On Deck: Employee Credit Checks, UDAAP & More

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Massachusetts Debt Collection Regulations: An Explainer

Things are a swirl of confusion in the Commonwealth of Massachusetts, with two separate pieces of legislation maybe not working perfectly together.

The deets

Massachusetts currently has two pieces of legislation covering collection agencies:

  • 940 CMR 7.00 Debt Collection Regulations (published by the Office of the Attorney General in 2018)
  • 209 CMR 18.00 Conduct of the Business of Debt Collectors and Loan Servicers (published by the Division of Banks and Loan Agencies in 2016)

I’m not interested in getting into some of the should they/shouldn’t they w/r/t the Massachusetts Attorney General taking on debt collection under its belt – especially since, traditionally, regulating collection agencies fell under the purview of the Division of Banks. For our purposes, both pieces of legislation exist, and we need to figure out how they work together.

“The AG rules are more restrictive and have more requirements,” shares attorney Michael Kraft, who is not giving us legal advice at all; he just answered my email. “I advise following those. Any time that there are different rules, I think the best course is to follow that which is more restrictive.”

Validation of debts

Of concern for agencies collecting in Massachusetts is a requirement for signed documents from the consumer as part of a validation packet.

The Division of Banks and Loan Agencies 209 CMR 18.00, which had traditionally governed the activities of collection agencies in the state (up until October of 2018) wants:

All papers or copies of papers and electronic records, in the possession of the debt collector, which bear the signature of the consumer and which concern the debt being collected. [Emphasis added]

The Office of Attorney General 940 CMR 7.00, essentially new in town to governing debt collection, has similar requirements for debt validation:

All documents, including electronic records or images, which bear the signature of the debtor and which concern the debt being collected.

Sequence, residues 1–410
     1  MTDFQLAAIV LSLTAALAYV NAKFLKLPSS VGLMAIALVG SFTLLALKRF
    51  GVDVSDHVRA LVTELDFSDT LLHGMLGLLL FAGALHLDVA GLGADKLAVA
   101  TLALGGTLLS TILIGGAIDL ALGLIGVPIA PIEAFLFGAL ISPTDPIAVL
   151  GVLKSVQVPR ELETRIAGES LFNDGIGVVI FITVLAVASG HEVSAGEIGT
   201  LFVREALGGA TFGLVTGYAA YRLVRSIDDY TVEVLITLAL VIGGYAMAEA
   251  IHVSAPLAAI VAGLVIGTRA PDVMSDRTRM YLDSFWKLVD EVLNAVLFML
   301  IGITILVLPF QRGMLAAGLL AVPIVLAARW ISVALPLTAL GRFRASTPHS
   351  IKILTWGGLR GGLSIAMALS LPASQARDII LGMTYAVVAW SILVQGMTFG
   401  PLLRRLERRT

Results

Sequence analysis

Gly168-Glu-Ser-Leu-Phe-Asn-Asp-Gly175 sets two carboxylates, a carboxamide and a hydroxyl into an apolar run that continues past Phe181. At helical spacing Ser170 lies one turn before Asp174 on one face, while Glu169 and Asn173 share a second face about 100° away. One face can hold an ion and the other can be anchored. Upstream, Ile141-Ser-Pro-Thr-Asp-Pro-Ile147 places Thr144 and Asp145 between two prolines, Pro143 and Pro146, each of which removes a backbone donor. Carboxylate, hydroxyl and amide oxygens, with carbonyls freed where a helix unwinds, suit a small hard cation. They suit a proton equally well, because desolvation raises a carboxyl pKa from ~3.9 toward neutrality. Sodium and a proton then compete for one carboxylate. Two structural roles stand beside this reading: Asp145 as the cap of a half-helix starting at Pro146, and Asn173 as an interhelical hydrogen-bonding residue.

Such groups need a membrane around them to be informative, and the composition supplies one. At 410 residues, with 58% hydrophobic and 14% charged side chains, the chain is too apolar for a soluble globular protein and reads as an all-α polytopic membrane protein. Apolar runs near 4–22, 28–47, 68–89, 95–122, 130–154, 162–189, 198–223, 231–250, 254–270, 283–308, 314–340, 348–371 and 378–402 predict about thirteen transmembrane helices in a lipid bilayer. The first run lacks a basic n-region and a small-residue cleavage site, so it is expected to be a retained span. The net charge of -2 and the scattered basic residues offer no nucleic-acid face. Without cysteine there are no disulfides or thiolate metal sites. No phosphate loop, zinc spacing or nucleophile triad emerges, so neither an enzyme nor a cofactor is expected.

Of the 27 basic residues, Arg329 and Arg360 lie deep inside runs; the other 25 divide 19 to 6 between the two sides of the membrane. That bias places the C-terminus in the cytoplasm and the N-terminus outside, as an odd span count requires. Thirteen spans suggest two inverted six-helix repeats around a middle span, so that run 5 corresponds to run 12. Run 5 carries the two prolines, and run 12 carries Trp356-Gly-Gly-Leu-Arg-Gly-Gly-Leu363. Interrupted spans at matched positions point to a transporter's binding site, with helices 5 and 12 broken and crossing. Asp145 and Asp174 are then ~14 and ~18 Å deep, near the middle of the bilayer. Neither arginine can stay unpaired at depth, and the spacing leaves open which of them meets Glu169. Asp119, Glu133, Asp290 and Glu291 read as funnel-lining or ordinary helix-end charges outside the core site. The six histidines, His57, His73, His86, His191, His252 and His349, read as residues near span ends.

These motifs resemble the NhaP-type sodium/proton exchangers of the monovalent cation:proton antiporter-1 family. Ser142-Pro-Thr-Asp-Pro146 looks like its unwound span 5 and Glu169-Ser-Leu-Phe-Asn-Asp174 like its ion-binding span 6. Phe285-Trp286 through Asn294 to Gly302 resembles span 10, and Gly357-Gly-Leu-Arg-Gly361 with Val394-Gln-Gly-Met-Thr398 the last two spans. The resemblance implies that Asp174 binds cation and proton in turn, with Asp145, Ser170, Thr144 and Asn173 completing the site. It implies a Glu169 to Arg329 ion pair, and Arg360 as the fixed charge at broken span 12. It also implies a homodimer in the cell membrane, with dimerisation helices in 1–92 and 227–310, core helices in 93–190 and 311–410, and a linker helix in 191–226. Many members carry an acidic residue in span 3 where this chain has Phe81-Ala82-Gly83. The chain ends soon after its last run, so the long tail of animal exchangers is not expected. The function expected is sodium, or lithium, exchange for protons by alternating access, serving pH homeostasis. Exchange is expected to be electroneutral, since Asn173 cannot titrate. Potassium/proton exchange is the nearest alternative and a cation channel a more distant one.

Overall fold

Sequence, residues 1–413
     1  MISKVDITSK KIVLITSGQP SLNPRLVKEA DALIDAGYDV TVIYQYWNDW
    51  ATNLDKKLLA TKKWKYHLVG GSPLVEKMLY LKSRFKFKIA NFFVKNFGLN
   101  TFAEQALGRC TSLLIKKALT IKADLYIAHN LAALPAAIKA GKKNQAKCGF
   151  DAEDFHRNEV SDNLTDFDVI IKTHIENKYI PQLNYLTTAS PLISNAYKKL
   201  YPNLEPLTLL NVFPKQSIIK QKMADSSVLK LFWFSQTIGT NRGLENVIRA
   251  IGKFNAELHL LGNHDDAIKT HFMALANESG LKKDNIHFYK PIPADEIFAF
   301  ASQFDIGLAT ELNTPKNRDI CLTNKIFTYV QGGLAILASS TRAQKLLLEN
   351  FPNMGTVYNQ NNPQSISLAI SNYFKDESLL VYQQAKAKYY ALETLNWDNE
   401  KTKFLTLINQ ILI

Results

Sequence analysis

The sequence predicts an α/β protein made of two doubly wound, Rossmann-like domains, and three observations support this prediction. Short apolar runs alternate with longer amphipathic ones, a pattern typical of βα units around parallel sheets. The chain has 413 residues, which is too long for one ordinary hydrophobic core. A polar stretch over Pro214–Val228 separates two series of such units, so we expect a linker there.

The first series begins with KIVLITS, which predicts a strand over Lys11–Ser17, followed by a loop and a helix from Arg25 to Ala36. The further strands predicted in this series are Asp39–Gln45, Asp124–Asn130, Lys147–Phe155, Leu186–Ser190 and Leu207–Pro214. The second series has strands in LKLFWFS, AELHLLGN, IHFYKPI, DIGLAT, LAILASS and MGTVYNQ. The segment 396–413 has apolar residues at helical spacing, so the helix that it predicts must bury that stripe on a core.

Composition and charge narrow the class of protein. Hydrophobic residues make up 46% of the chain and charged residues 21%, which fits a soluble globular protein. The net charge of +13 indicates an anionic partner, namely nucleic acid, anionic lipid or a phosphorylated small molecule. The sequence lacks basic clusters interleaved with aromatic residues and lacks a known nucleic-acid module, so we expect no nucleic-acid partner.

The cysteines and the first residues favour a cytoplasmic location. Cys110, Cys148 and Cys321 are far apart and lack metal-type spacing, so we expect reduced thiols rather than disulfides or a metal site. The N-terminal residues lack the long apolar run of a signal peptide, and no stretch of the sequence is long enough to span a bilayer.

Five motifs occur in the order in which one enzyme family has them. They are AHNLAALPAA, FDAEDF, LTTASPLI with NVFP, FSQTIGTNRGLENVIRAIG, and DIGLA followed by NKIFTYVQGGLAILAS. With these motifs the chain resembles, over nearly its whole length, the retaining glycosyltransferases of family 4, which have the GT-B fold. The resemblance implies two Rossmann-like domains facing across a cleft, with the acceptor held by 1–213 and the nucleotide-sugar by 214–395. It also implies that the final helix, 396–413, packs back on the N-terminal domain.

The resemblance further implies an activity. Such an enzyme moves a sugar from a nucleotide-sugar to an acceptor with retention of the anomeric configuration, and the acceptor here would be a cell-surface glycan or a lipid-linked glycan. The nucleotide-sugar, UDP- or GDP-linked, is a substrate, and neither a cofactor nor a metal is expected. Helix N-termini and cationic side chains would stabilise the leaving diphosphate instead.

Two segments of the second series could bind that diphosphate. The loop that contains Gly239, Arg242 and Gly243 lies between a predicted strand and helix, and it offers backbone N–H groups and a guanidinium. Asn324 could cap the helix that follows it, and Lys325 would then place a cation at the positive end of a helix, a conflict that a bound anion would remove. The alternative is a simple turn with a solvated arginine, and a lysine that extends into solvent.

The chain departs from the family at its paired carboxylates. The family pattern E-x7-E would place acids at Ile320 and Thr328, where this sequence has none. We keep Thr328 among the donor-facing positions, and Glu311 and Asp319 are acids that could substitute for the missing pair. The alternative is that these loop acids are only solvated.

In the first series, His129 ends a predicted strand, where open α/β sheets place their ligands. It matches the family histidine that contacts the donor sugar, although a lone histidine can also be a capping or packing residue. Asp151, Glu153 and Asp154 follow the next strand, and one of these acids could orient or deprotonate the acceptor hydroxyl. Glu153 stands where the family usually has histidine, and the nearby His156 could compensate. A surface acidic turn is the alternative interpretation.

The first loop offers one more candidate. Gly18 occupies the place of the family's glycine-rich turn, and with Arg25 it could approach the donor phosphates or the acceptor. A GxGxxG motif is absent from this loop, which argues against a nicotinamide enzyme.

What’s the difference?

Great question. The Division of Banks and Loan Agencies document seems to offer some wiggle room around that signature requirement: in the possession of the debt collector. If the debt collector has it, 209 CMR 18.00 requires you to provide copies to the consumer.

That softening language isn’t present in the stricter, newer 940 CMR 7.00. Agencies, per this document, need to provide copies of signed documents, allegedly, even if the agency itself isn’t, at that time, in possession.

Member reactions

“It has always been our practice that if our client cannot provide the contract signed by the borrower, we return the account/dispute to the client and notify the borrower that we have returned the account.”

“How far back does the collectors have to go in providing the statements? For example, if the debt was incurred several years ago and the debtor was paying min due for several months before defaulting on the debt, providing statements from more recent 12 months would not be sufficient to prove when the debt was incurred originally, right?”

“We do collect debt in MA.  The only item that could be an issue with our clients is producing items noted in 1. with an original signature.  We made the decision to cancel accounts when clients cannot provide signed documents.  While it isn’t clear what the result would be to continue to work the account, we felt it wasn’t worth the risk of  pursuing.”

Can You / Should You: Employee Credit Checks